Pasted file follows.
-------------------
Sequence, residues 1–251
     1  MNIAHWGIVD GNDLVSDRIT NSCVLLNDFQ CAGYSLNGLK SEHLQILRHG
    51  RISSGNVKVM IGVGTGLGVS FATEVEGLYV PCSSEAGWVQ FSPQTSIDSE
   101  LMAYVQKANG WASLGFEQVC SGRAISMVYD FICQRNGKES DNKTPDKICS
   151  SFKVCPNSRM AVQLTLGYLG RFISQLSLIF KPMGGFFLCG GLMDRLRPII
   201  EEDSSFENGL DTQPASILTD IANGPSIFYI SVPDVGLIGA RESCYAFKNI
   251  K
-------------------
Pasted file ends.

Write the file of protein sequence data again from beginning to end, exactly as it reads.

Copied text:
Sequence, residues 1–251
     1  MNIAHWGIVD GNDLVSDRIT NSCVLLNDFQ CAGYSLNGLK SEHLQILRHG
    51  RISSGNVKVM IGVGTGLGVS FATEVEGLYV PCSSEAGWVQ FSPQTSIDSE
   101  LMAYVQKANG WASLGFEQVC SGRAISMVYD FICQRNGKES DNKTPDKICS
   151  SFKVCPNSRM AVQLTLGYLG RFISQLSLIF KPMGGFFLCG GLMDRLRPII
   201  EEDSSFENGL DTQPASILTD IANGPSIFYI SVPDVGLIGA RESCYAFKNI
   251  K